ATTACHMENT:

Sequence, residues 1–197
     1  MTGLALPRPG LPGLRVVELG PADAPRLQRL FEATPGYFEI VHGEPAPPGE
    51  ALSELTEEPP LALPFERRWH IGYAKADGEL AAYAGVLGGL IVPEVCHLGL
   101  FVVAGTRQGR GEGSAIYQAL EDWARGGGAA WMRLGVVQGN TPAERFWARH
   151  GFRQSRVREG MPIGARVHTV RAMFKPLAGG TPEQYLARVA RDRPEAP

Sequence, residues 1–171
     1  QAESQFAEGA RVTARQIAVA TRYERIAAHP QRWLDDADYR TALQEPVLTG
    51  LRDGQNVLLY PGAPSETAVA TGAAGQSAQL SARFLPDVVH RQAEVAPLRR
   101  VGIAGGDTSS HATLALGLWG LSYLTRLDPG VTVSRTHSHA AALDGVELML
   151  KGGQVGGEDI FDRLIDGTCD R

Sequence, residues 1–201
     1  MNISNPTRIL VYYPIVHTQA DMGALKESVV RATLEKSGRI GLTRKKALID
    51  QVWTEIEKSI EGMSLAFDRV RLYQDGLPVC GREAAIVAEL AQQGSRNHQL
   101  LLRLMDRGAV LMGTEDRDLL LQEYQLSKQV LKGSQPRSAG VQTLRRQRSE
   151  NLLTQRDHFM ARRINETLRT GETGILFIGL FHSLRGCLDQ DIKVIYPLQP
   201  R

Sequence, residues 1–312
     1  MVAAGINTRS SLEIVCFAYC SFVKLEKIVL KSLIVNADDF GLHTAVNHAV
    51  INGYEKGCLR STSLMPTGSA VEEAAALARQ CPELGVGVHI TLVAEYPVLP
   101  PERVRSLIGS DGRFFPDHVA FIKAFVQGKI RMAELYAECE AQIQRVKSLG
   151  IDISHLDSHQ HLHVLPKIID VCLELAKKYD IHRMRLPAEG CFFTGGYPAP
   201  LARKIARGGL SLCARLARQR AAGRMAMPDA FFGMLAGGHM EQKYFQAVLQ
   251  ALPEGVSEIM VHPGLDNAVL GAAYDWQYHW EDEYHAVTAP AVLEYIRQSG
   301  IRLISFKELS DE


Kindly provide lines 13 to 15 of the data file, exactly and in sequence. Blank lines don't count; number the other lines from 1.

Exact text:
    51  QVWTEIEKSI EGMSLAFDRV RLYQDGLPVC GREAAIVAEL AQQGSRNHQL
   101  LLRLMDRGAV LMGTEDRDLL LQEYQLSKQV LKGSQPRSAG VQTLRRQRSE
   151  NLLTQRDHFM ARRINETLRT GETGILFIGL FHSLRGCLDQ DIKVIYPLQP